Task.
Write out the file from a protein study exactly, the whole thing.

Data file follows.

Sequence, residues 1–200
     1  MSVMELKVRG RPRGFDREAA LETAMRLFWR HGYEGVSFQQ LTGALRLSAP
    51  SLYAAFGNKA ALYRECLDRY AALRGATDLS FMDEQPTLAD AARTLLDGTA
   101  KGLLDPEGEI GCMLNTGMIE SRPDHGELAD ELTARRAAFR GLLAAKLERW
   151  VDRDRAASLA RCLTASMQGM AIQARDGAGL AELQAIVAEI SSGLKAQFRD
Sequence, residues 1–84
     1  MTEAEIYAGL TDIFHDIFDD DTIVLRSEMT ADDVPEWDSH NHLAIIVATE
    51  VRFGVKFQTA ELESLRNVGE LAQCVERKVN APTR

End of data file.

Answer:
Sequence, residues 1–200
     1  MSVMELKVRG RPRGFDREAA LETAMRLFWR HGYEGVSFQQ LTGALRLSAP
    51  SLYAAFGNKA ALYRECLDRY AALRGATDLS FMDEQPTLAD AARTLLDGTA
   101  KGLLDPEGEI GCMLNTGMIE SRPDHGELAD ELTARRAAFR GLLAAKLERW
   151  VDRDRAASLA RCLTASMQGM AIQARDGAGL AELQAIVAEI SSGLKAQFRD
Sequence, residues 1–84
     1  MTEAEIYAGL TDIFHDIFDD DTIVLRSEMT ADDVPEWDSH NHLAIIVATE
    51  VRFGVKFQTA ELESLRNVGE LAQCVERKVN APTR